‘Disturbing trend’ of NZ wildlife decapitation

‘Disturbing trend’ of NZ wildlife decapitation

Warning: This story contains graphic descriptions of animal decapitation incidents that have been reported to authorities, and which may upset some readers.


Earlier this year, a group on Auckland’s Muriwai came across what appeared to be a recently deceased great white shark.

Instead of leaving it, and calling the wildlife authorities, they decided to first tie the shark to the back of a car in order to tow it around the beach – with one of the people riding the back of a carcass, like a banana boat.

They then decided to cut off its head with a knife.

But they did not stop there.

Next they decided – roaring with laughter whilst also screaming with a twisted horror and delight – to put the decapitated shark’s head on one of their group members’ own, wearing it like a mask.

Another member of the group filmed the event, sharing it among friends and then on social media. It quickly ended up in the inbox of one of the Department of Conservation’s (DOC) investigators, Dylan Swain.

“It’s somewhere between horrified and disgusted,” he said.

Strong warning: The video below contains graphic images.

“There are some disturbed people out there who think they can treat our protected wildlife in this way, it’s not normal at all.”

However, it was the kind of behaviour that DOC told 1News was trending upwards, with at least a dozen reported incidents of animal decapitation in the past year or so, and a likelihood there were probably more that hadn’t been reported.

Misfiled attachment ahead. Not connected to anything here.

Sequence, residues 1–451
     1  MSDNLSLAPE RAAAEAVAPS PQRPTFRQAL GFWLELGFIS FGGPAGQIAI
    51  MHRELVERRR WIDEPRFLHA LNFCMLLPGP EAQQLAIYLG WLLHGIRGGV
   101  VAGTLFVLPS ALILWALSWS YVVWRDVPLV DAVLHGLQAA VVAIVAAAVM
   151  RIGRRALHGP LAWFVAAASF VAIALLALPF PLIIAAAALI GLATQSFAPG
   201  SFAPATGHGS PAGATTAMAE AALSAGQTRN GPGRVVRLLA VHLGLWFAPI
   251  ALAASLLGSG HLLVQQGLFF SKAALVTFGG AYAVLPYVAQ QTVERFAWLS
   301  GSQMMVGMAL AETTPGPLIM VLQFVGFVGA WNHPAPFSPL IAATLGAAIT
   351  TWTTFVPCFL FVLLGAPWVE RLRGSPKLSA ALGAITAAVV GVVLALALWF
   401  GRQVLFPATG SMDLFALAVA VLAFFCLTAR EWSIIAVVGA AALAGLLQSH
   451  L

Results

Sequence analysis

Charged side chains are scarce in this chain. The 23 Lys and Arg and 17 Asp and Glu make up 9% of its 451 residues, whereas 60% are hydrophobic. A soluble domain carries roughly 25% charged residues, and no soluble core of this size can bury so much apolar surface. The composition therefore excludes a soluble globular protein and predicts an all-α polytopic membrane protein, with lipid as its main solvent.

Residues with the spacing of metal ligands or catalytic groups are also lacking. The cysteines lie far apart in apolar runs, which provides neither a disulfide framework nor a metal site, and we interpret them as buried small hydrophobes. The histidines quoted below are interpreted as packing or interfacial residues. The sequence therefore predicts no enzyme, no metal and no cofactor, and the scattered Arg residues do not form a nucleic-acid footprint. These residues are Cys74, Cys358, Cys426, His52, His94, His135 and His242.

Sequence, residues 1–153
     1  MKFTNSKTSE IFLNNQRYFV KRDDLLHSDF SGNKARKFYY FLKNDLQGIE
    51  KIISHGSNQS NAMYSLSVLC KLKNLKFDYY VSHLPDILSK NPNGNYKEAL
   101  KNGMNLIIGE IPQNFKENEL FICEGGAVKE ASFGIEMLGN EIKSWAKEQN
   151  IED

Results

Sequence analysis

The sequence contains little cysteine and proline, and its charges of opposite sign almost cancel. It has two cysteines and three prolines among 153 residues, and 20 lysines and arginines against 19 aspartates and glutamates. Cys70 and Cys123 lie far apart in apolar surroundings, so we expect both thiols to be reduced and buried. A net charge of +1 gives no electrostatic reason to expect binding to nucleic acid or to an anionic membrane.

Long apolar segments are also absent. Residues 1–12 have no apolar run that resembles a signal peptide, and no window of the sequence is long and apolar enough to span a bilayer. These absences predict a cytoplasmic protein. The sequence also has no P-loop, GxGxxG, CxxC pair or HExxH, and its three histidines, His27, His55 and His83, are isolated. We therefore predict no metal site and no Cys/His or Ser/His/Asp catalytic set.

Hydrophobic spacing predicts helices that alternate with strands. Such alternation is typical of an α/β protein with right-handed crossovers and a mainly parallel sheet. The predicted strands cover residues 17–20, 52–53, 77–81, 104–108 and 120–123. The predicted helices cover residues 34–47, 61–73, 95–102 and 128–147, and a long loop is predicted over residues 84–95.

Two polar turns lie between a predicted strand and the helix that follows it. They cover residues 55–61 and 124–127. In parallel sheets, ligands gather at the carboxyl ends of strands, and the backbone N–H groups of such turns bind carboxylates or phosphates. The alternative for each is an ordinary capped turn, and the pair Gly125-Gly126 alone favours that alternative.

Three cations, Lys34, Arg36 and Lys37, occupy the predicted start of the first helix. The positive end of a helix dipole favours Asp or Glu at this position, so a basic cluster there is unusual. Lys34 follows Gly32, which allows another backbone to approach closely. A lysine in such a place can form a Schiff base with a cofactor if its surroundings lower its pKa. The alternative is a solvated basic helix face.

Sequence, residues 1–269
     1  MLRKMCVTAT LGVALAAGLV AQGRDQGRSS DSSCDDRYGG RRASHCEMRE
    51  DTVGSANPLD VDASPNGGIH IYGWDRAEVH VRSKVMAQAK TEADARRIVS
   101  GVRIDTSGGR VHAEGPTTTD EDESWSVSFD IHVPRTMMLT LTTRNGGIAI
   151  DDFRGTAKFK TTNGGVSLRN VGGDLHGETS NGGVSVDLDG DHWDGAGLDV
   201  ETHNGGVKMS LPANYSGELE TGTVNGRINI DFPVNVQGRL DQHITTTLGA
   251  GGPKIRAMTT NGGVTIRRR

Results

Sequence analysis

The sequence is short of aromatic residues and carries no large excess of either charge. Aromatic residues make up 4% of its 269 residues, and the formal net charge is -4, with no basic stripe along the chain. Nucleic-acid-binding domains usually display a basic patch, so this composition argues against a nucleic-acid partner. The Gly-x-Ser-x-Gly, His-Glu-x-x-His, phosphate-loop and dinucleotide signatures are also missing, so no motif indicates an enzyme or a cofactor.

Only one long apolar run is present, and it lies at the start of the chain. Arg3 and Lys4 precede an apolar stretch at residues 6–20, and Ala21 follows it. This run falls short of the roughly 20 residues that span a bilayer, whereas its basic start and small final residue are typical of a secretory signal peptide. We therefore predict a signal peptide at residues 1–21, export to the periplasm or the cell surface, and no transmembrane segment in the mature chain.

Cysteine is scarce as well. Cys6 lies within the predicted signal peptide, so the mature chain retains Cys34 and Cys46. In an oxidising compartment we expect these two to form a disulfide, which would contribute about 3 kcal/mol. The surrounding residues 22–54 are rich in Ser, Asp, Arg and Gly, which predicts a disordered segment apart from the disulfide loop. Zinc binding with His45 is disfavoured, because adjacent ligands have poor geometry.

One example was a fur seal found dead on a beach near Wellington in late 2022.

Authorities first photographed the seal, but later returned to its body two days later to find someone had removed the animal’s head.

A deceased dolphin, found in late 2021, had the same fate. Authorities also found a mass decapitation event where birds were found on a beach with their heads cut off.

The most recent was in August this year in Whanganui – another fur seal.


“Inevitably we find what appears to be knife or blade wounds, there was one instance of a seal with its head cut off where they described it as having its head removed with scalpel precision,” Swain said.

There are multiple pieces of legislation that protect wildlife – both living and deceased – including the Wildlife Act and the Marine Mammals Protection Act for animals such as dolphins, whales and seals, according to DOC.

Under both laws, the punishments can range from fines to imprisonment.

What was unknown was what drove people to cut off the heads of protected wildlife, with Swain suspecting it could range from trophy hunting, getting likes on social media, or something more “sinister”.

The list of decapitation incidents also came as a shock to DOC’s science adviser Laura Boren — who specialised in fur seals.

“Certainly, when I saw the list, I thought: ‘Woah, this is crazy’,” she said.

“A good portion of these seem to be done after death, but I don’t know if that’s the case for all of them.”

She explained that, in many of these cases, it had to be humans involved – and not just because of the “scalpel” precision of some of the decapitations.

“When you see fresh animals without their heads, with very precise wounds that are definitely not natural – that is going to be done by somebody,” she said.

In nature, animal predators would often target other parts of the body, Boren said.

“Sharks, for example, will go for a form of propulsion [on the seal], they’ll go for their front flippers or their back flippers, or if they are coming from below, they might go for the stomach.

“They’re not going to go for the head.”


Swain said people should as a rule of thumb leave wildlife alone – but if anyone comes across a decapitated animal, they should report it to the authorities on 0800 DOC HOT.

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Written by Politixia


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